"Back in at the Department of Genetic Welfare, Caleb is picked for the suicide mission of breaking into the top-security vault to steal the memory-wiping serum. This is only fitting as Caleb is literally the only character who needs to be redeemed for his betrayal in Insurgent. I mean, the tagline of the book is "one choice can define you" so if Caleb doesn't own up to this moment he's basically going to be a selfish, heartless, coward for the rest of the story.

Oh wait. This book hasn't sufficiently [messed] up already so instead of using a perfectly good opportunity for a back-stabbing character to redeem themselves, it's just going to unnecessarily sacrifice the freaking main character because life is cruel and heartless [dang it]!"

^I love this review.

"From just a character perspective, it makes sense that Tris would sacrifice herself for the greater good. That's just what she, as a selflessly reckless person, would do. But considering that there was a perfectly good person involved in this ending that needed to be redeemed (*cough Caleb cough*) who didn't offer to sacrifice himself to save his sister, I'm questioning the true motive for why this ending was picked.

We already know that Tris is a character who's willing to sacrifice herself for the greater good. Did we learn any new information about her character when she decided to make this sacrifice? Wouldn't we have gained a better perspective of Caleb if he had made this choice instead? And most importantly, wouldn't sparing Tris's life allow the final conclusion of this trilogy to be more sound, less rushed, and less overshadowed by the her death?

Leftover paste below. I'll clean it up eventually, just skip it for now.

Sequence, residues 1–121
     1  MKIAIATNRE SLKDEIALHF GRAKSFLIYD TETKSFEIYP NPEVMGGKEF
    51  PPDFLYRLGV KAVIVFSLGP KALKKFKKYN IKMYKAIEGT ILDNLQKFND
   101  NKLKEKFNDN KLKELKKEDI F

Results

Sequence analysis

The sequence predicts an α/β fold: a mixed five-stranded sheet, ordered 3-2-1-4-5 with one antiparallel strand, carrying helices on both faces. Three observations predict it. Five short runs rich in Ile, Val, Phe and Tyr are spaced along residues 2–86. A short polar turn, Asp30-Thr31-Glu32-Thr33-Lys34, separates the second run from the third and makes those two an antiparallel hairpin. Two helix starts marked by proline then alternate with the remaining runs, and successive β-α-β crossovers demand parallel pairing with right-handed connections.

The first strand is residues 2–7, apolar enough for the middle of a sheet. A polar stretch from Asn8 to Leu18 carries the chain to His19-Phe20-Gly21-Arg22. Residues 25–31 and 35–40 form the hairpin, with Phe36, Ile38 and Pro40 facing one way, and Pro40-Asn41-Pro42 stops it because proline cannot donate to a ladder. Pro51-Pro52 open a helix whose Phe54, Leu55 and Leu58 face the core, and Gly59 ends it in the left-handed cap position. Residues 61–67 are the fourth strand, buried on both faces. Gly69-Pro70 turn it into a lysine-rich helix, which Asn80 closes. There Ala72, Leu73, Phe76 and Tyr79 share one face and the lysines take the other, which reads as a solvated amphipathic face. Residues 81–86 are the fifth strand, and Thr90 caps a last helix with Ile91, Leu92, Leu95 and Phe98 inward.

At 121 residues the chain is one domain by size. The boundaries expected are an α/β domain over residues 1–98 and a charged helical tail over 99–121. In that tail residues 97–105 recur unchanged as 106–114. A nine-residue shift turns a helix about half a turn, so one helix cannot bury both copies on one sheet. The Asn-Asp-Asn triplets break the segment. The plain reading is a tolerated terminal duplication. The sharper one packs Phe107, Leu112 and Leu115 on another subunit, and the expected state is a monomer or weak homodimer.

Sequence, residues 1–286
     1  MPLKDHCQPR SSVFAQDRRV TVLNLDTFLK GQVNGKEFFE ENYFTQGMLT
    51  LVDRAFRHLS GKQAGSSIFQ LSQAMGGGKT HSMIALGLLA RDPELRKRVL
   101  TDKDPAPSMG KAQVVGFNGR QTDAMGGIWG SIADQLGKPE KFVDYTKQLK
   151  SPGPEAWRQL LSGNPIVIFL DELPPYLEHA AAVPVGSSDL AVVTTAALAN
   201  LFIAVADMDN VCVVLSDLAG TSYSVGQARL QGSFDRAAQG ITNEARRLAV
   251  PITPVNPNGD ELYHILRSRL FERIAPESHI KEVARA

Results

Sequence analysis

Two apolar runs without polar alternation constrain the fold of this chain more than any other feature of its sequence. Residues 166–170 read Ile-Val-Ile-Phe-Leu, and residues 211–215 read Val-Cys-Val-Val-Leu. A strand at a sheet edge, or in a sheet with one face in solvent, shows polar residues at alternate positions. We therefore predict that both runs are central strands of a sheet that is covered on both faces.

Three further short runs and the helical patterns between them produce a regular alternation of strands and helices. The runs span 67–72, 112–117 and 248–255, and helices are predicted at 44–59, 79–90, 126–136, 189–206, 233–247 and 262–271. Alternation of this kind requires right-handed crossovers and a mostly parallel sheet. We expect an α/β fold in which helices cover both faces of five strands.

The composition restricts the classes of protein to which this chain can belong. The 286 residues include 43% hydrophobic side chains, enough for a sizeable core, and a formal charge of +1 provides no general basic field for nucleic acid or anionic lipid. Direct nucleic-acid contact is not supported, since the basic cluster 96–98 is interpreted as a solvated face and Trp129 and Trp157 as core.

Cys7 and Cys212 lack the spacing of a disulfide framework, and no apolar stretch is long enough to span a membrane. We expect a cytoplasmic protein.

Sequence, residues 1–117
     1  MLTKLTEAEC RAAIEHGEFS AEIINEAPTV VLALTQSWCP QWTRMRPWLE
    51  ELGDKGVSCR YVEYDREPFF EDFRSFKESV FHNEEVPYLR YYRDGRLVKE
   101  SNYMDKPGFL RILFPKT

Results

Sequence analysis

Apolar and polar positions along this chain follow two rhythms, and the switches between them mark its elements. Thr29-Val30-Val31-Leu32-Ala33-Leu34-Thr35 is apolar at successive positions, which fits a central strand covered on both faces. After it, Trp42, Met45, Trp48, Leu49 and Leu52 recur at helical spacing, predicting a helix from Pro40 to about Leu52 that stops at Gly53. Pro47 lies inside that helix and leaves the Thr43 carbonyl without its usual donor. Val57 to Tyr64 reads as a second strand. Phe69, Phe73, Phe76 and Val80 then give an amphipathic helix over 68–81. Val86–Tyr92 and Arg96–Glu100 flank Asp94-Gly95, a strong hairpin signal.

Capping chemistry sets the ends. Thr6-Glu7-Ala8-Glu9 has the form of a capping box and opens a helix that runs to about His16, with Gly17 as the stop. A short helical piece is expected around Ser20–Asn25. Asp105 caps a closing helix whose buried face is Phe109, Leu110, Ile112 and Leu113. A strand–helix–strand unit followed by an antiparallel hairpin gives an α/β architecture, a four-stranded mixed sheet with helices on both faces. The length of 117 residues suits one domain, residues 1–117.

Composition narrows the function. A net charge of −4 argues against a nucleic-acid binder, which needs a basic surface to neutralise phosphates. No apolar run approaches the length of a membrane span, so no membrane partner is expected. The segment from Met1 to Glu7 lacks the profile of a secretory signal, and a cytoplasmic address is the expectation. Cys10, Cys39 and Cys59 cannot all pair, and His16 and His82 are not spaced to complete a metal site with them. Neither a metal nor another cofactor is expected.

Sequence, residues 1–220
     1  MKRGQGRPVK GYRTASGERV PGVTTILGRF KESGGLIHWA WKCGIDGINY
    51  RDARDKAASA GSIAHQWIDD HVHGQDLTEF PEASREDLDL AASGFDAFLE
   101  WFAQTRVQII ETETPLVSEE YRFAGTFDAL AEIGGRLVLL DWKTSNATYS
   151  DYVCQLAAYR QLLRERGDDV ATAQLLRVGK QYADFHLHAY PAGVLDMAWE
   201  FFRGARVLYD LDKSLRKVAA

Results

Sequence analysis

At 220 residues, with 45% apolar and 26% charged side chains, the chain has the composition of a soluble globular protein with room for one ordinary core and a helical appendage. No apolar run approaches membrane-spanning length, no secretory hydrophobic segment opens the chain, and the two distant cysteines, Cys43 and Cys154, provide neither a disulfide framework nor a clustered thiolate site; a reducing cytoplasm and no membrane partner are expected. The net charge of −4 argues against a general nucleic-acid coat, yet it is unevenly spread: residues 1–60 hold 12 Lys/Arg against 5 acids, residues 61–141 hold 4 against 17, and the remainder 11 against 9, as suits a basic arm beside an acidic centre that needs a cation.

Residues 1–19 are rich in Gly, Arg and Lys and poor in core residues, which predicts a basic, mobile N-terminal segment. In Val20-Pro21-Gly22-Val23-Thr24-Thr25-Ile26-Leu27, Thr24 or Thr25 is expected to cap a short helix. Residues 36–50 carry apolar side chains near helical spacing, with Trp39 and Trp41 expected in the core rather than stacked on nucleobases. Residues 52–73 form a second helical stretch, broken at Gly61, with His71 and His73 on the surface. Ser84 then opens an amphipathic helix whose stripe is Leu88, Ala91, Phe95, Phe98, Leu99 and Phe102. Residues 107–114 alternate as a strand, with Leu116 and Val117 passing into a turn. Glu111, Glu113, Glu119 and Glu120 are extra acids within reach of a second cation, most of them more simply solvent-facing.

The careless way her death is written and revealed suggests to me that this ending was stubbornly picked just so this series could end with a bang. The typical ending where all our heroes live happily ever after was quickly discarded lest it seem too cliche or too similar to other YA giants. Cue the forced emotional and dramatic ending where readers drown in a puddle of their feels as we're forced to read Four's tragic reaction to her death.

The last few chapters, including the epilogue, are incredibly rushed. Literally every single issue in the growing mountain of problems that accumulated over the course of this book are immediately solved without any further complications or commentary because deus ex machina."

^A. men.

Yup.

That review basically is what I had to say.

I cannot...this book was so bad.

I only liked the ending. It had some good quotes and I generally felt sad when Tris died and was truly dead, but come on, seriously?

Uriah dying was also jacked up.

~Amanda